• Bring as many spare parts as you can. Bring a good service crew if you can. Like I said, mechanical DNF’s are no fun.
    • Practice your spare tire changing routine. Practice it again. Don’t panic. Things will go wrong. Deal with them. You’ll be okay. You’re here for fun, not to win the first time.
    • Talk to the people at Parc Expose and while waiting for the stage to start. They can recount funny stories, calm you down, give you tips on the upcoming stage, swap stage times, etc. This is where you learn the most. Check out how their cars are built, too!
    • Focus on your driving. Make sure all the little stuff is already taken care of. The co-driver’s job is to make sure the driver doesn’t have to think about anything other than driving. A movement plan and lots of checklists really help out.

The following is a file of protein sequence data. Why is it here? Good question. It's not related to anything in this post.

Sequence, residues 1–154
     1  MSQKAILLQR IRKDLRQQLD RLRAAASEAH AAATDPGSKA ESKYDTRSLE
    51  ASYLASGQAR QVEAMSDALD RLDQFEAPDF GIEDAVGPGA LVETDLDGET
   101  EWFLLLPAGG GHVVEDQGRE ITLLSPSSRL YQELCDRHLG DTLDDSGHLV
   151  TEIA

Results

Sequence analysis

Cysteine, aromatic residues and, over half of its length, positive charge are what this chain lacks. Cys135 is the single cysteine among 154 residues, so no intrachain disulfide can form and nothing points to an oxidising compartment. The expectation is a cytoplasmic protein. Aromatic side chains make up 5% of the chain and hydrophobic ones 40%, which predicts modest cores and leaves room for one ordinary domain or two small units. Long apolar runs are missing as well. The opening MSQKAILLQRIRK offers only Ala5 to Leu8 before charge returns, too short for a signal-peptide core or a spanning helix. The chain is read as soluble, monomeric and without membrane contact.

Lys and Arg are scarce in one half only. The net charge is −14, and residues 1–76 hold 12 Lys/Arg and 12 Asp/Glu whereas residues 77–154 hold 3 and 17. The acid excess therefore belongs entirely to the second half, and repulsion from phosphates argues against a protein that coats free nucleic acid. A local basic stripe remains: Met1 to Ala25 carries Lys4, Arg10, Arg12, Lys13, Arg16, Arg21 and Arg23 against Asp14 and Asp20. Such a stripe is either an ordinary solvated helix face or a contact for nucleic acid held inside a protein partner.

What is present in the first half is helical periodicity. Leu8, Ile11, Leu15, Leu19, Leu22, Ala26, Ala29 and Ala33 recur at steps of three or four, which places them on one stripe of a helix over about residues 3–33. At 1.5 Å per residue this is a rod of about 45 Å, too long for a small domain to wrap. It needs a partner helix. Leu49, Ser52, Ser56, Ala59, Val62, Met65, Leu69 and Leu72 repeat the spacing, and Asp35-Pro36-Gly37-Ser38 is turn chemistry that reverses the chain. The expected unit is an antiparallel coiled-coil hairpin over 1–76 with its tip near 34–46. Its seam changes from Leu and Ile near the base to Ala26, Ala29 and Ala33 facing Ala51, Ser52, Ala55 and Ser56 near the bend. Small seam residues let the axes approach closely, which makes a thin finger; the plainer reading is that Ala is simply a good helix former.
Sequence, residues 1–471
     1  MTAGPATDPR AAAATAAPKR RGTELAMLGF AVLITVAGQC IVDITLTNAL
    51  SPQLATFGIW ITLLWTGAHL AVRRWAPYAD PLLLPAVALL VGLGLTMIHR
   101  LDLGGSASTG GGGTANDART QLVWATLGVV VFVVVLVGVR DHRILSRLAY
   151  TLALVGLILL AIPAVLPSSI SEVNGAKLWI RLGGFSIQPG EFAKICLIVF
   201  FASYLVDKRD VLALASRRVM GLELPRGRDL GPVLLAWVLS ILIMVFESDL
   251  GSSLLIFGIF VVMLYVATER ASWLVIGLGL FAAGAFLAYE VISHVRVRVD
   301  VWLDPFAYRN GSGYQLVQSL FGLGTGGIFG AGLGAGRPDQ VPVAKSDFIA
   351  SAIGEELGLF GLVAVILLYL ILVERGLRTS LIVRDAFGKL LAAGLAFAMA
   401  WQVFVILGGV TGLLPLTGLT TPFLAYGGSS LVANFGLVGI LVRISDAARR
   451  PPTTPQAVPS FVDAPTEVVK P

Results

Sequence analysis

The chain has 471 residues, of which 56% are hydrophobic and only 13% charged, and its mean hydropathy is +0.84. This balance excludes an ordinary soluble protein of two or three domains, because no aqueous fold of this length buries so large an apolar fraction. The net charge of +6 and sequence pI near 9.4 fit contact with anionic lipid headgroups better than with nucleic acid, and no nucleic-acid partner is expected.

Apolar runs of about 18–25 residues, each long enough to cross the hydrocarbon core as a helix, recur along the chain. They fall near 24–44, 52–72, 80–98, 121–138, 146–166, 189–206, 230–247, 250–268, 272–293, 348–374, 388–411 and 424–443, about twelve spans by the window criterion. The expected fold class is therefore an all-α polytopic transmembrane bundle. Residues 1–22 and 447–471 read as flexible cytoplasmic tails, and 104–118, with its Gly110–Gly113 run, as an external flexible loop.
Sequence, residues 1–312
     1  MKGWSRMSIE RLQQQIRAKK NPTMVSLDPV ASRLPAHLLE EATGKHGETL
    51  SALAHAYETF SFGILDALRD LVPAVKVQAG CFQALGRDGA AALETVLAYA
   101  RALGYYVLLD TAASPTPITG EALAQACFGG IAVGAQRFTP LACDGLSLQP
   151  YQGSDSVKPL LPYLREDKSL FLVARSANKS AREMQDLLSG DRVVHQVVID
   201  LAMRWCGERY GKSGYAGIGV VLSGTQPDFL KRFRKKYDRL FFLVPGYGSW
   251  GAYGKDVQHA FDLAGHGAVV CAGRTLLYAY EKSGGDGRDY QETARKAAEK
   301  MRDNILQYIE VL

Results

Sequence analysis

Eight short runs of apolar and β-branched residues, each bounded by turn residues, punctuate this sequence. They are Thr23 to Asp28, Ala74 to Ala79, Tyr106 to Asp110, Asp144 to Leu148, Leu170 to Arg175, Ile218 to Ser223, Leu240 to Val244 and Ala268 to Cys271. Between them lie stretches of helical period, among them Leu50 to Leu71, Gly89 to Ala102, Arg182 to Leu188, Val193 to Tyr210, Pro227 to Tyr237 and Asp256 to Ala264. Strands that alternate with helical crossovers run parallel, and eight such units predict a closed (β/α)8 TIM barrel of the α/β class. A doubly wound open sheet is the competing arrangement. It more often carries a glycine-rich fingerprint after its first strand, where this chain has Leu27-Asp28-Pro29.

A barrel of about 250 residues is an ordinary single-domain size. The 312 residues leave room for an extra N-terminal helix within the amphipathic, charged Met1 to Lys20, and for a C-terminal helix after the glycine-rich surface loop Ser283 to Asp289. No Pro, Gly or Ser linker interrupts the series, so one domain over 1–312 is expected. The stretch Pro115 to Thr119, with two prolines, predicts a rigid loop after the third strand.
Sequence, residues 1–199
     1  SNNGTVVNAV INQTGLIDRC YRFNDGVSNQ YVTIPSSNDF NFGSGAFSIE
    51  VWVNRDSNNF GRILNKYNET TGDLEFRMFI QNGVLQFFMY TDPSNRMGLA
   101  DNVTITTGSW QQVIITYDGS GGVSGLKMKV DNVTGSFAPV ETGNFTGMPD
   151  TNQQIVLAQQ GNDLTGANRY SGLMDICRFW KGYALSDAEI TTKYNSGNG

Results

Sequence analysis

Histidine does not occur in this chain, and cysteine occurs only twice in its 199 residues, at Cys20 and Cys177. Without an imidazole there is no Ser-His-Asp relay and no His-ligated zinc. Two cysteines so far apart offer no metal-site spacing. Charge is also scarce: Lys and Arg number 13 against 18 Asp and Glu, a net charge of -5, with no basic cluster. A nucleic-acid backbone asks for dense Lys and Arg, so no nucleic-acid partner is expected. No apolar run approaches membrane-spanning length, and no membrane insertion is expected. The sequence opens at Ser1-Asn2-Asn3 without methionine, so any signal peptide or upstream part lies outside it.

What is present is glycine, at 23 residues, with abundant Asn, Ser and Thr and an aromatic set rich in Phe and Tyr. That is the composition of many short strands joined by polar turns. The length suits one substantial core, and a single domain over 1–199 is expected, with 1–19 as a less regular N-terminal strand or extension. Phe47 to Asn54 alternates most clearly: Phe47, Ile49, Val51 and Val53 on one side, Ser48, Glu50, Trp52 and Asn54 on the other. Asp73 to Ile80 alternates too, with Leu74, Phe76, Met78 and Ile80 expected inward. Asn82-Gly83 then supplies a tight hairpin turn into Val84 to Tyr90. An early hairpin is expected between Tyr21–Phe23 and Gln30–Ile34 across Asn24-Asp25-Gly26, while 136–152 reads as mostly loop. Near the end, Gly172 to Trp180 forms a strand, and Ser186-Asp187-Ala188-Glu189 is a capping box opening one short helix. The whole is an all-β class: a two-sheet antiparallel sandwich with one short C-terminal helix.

• Have fun! Don’t worry too much about where you finish. You just spent a year or more plus lots of money to be here. If you go off, start mooning the drivers behind you. If you finish last, look good in front of the spectators. If you win your class, be humble and blame it on beginner’s luck. If you win overall, well, you’ve got something special here and I don’t know why you’re reading our site if you’re already professional…
  • Keep coming back, again and again!

More information will be added here as it becomes available. I’ll put in links sometime as well. Thanks for reading. Comments welcome.